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React Tips — Setting State and Internationalization

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React is the most used front end library for building modern, interactive front end web apps. It can also be used to build mobile apps.

In this article, we’ll look at how to set multiple states sequentially and the internationalization of React apps.

setState Updater Function

In React class-based components, the setState method either takes an object with the state to update or a function.

setState also takes a function, which preserves the order of how the state should be applied as well as making sure that all previous states are flushed through.

For instance, we can call setState with a callback function instead of an object as follows:

import React, { Suspense } from "react";

export default class App extends React.Component {
  constructor(props) {
    super(props);
    this.state = { count: 0 };
  }

  increment() {
    this.setState((state, props) => {
      return {
        count: state.count + 1
      };
    });

    this.setState((state, props) => {
      return {
        count: state.count + 2
      };
    });
  }

  render() {
    return (
      <>
        <button onClick={this.increment.bind(this)}>Increment</button>
        <p>{this.state.count}</p>
      </>
    );
  }
}

In the code above, we have the increment method, which first increases the count by 1, then it increases the count again by 2.

Since we passed in a callback function to setState , count should increase by 3 every time that we click the Increment as the state changes are applied sequentially.

Use Prop Types to Check to Validate Prop Data

By default, React lets us pass anything from parent components to child components via props. This isn’t ideal because it’s very easy to make a mistake that may cause runtime errors in production.

Therefore, we should use React’s built-in prop-type validation feature to check the data type of props. We can also use it to check if the prop value has the format that we want them to be in.

There’s built-in prop type for common JavaScript data types. In addition, we can check for a combination of one or more types and we can also pass in a custom validation to check for the prop data.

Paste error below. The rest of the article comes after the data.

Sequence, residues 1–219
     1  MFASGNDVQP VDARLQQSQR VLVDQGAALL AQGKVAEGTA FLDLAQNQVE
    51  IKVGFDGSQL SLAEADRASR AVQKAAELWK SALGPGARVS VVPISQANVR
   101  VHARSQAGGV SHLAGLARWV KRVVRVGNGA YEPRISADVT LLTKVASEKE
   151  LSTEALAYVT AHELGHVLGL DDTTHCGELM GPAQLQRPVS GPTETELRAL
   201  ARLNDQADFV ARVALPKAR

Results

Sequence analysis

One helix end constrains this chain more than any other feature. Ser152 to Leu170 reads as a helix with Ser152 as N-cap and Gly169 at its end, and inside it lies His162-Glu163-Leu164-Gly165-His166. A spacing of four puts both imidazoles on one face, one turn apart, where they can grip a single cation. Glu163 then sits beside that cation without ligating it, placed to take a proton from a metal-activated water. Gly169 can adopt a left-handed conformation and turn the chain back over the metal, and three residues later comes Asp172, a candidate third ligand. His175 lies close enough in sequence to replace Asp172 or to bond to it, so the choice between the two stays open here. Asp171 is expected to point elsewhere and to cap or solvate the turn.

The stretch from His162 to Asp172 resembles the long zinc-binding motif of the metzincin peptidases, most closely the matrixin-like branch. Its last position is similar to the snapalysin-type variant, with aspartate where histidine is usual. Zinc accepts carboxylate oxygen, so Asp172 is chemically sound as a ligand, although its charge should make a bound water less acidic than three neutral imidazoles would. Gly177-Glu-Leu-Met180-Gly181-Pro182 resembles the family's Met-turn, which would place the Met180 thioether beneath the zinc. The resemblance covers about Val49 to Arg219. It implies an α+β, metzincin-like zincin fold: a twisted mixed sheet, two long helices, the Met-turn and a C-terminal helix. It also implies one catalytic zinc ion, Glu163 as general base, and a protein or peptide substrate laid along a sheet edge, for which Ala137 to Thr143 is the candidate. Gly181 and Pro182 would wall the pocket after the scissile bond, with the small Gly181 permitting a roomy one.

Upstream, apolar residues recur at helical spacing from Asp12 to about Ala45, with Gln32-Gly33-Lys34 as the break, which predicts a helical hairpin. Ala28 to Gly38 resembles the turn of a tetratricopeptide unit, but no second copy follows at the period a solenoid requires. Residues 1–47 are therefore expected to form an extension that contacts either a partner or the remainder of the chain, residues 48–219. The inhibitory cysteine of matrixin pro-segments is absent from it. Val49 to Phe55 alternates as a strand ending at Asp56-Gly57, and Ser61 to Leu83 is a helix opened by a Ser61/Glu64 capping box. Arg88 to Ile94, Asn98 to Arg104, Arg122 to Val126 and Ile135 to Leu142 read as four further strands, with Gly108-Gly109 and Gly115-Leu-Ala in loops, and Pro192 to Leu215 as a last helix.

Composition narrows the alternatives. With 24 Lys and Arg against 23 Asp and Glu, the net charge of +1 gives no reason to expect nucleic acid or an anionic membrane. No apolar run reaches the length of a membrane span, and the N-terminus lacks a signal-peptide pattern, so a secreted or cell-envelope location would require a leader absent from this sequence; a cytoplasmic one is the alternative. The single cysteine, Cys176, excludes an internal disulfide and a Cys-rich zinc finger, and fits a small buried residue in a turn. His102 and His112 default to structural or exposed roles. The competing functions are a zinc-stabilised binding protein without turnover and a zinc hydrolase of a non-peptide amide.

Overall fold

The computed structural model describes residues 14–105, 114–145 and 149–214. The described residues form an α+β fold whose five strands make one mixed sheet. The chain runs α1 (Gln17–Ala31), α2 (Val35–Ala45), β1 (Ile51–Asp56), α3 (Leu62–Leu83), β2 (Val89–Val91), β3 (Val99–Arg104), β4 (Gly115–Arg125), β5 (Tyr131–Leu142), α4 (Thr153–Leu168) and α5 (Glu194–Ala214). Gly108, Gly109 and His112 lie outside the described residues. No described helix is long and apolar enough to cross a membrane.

For instance, we can use it as follows:

import React from "react";
import PropTypes from "prop-types";

const Foo = ({ data }) => {
  return <p>{data}</p>;
};

Foo.propTypes = {
  data: PropTypes.string
};

export default function App() {
  return <Foo data="bar" />;
}

In the code above, we have:

Foo.PropTypes = {
  data: PropTypes.string
};

to check that the data prop is indeed a string. In the code above, we passed in a string as the value of the data prop. Therefore, we should see the p element displayed with the text ‘bar’ inside.

Otherwise, we would get an error.

We can add our own prop data validation as follows:

import React from "react";

const Foo = ({ data }) => {
  return <p>{data}</p>;
};

Foo.propTypes = {
  data(props, propName, componentName) {
    if (!/bar/.test(props[propName])) {
      return new Error("I want bar");
    }
  }
};

export default function App() {
  return <Foo data="baz" />;
}

In the code above, we have:

Foo.propTypes = {
  data(props, propName, componentName) {
    if (!/bar/.test(props[propName])) {
      return new Error("I want bar");
    }
  }
};

Therefore, if we didn’t pass in 'bar' as the value of the data prop into Foo , we’ll get the error ‘I want bar’ logged in the console. We pass in 'baz' , so we’ll get the error.

Internationalization

The react-intl library is great for internationalization of React apps. It’s made by Yahoo. It has lots of components for doing various things like formatting dates for a specific locale, pluralization and more.

We can install it by running:

npm i react-intl

For instance, we can use it as follows:

import React from "react";
import { IntlProvider, FormattedDate } from "react-intl";

export default function App() {
  return (
    <IntlProvider locale="fr">
      <FormattedDate value={new Date(2019, 0, 1)} weekday="long" />
    </IntlProvider>
  );
}

In the code above, we referenced the IntlProvider component from react-intl , and inside it, we have the FormattedDate component to format the date that’s passed into the value prop.

Then we should see ‘ mardi’ on the screen because we specified that the locale is 'fr' , which is French.

react-intl has many other components that we can use to make internalization easy, so we should use this instead of writing the code ourselves.

Conclusion

Setting state in a component is easier if we pass in a callback function instead of an object. This is because the setting of the states will be done sequentially instead of at an indeterminate time. This makes running setState multiple times easy if we need to set them sequentially.

To make passing props less error-prone, we should use prop-types to check for the correct prop type and format when props are being passed in. React will log errors to the console the type or format doesn’t match what we specified.

Finally, the internationalization of Reach apps is easy if we use the react-intl library. It has components for doing things like formatting dates and pluralization for different locales.

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